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Differentiation help

  1. Oct 27, 2014 #1
    hi,

    is it possible to solve the following equation,

    dy = dx/dt

    for relation between y and x?

    thanks
     
  2. jcsd
  3. Oct 27, 2014 #2

    Nugatory

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    Staff: Mentor

    You'll have to tell us more. Where did you find that equation? In what context does this problem come up? What else do you know about x and y?
     
  4. Oct 27, 2014 #3

    Mark44

    Staff: Mentor

    I've never seen an equation like this, with a differential on one side and a derivative on the other.
     
  5. Oct 27, 2014 #4

    HallsofIvy

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    Staff Emeritus
    Science Advisor

    In fact, you can't have an equation of that form. In terms of "non-standard analysis" a differential and "ordinary" function are different orders of objects and cannot be equal.

    (You can say that [itex]dy= \frac{dy}{dx}\frac{dx}{dt} dt[/itex] because there are differentials on both sides.)
     
  6. Oct 28, 2014 #5
    let's take dy = k dx/dt where k is a constant, can then the value of y in terms of x or vice versa be solved?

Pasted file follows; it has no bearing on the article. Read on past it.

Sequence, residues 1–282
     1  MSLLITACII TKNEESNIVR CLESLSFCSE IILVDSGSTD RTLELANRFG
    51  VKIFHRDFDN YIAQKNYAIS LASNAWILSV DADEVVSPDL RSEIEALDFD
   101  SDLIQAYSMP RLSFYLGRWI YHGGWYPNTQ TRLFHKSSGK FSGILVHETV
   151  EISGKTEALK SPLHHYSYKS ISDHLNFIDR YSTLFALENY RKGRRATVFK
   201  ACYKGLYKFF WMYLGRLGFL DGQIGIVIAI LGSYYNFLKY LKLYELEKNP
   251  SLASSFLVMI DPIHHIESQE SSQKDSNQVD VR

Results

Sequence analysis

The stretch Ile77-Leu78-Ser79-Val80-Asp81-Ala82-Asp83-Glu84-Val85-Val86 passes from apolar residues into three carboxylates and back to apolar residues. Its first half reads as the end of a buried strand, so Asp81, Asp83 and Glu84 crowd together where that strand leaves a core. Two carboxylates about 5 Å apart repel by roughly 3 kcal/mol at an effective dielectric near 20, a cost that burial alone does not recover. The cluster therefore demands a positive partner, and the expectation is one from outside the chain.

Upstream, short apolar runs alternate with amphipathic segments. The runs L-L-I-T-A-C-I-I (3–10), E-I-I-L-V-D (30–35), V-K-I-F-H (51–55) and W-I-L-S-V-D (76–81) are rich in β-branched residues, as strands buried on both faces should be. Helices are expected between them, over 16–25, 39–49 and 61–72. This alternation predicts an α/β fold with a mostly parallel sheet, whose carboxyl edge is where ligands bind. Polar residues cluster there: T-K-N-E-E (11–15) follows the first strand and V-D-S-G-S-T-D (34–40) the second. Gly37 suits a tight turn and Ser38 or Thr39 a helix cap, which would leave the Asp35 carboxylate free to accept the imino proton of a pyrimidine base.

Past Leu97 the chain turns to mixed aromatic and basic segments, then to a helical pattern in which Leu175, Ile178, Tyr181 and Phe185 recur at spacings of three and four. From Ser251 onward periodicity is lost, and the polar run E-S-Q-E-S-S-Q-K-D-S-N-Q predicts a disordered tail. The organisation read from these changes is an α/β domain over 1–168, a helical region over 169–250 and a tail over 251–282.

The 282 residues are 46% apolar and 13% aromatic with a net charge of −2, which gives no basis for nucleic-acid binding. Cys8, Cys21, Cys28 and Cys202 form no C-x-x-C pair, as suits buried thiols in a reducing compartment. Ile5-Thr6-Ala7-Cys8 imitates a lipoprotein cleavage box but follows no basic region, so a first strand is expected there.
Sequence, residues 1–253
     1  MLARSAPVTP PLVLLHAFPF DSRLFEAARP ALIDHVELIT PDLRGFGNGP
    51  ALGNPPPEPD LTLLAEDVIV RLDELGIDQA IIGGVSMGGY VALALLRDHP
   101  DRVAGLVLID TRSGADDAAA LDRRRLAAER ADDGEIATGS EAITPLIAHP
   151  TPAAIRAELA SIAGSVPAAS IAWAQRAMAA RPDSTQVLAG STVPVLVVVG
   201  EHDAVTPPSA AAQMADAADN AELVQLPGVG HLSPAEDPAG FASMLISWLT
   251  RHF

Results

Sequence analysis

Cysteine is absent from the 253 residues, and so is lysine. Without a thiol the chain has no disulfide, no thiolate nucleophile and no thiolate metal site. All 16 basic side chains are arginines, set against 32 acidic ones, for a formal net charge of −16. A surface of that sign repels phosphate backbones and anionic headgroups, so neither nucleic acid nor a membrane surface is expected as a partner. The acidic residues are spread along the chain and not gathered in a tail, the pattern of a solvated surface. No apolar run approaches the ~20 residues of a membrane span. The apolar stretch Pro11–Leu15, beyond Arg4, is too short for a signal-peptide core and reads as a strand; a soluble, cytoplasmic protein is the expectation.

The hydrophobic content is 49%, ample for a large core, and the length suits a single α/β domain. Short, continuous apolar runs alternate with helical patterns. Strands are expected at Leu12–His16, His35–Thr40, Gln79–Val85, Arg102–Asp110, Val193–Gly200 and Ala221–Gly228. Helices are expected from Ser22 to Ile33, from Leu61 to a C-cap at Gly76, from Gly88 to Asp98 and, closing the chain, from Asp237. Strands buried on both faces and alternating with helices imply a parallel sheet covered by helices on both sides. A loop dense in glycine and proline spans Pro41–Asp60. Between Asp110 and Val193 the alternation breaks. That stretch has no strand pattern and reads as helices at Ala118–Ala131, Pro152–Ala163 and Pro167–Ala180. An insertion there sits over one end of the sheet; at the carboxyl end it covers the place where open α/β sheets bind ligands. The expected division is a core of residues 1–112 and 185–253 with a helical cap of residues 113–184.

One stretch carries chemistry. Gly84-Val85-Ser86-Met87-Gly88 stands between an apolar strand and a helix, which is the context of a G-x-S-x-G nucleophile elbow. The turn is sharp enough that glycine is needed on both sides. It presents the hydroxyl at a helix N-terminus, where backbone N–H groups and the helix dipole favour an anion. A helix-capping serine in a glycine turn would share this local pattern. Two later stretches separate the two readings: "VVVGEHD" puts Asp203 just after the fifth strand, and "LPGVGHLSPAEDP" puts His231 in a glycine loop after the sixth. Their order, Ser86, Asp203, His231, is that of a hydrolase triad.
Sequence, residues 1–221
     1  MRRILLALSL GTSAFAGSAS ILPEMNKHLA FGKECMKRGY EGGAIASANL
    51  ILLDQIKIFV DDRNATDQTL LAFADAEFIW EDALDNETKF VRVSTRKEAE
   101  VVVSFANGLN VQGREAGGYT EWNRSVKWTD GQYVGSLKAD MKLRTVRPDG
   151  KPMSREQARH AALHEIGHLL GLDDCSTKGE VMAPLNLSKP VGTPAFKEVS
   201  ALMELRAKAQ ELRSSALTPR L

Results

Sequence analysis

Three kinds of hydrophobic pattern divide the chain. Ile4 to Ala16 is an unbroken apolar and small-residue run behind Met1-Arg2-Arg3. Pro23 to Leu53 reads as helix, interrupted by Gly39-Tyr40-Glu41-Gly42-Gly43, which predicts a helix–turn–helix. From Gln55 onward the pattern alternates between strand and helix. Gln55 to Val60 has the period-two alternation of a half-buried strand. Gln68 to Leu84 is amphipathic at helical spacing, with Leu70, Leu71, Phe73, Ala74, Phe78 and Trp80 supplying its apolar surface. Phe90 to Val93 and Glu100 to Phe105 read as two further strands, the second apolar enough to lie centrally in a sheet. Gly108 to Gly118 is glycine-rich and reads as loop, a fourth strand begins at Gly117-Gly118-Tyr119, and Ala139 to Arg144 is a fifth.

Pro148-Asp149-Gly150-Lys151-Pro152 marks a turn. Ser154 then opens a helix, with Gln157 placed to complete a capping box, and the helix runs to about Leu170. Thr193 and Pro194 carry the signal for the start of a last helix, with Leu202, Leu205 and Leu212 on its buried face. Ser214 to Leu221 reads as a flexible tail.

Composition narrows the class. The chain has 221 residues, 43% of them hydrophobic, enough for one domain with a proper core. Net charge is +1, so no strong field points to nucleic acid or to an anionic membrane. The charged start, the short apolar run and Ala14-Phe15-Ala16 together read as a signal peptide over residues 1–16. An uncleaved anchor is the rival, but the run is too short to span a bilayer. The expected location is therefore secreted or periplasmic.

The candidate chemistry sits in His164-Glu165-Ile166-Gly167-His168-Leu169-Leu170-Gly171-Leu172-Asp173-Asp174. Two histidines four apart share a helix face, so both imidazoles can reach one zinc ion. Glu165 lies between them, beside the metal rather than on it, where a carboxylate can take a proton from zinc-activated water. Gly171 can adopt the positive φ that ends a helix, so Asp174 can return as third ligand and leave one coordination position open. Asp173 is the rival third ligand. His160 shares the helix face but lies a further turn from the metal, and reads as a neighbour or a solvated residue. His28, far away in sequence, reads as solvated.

i think it is possible to solve this, asking the physics and mathematicians who have encountered such problem

    mathematicians help out here!!

    thanks
     
  7. Oct 28, 2014 #6

    HallsofIvy

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    You have already been told by the "physics and mathematicians" out there that such a combination of symbols is meaningless- the two sides of the purported "equation" are different types of objects and so cannot be equal. That would be asking to solve "green= C sharp".

    What reason do you have, after being told that the "equation" is meaningless, to "think it is possible to solve this"?
     
  8. Oct 28, 2014 #7
    i think that any two quantities x and y once appears with equality equation like that should have solution
     
  9. Oct 28, 2014 #8

    Mark44

    Staff: Mentor

    The question has been asked and answered, so I'm closing this thread.
     
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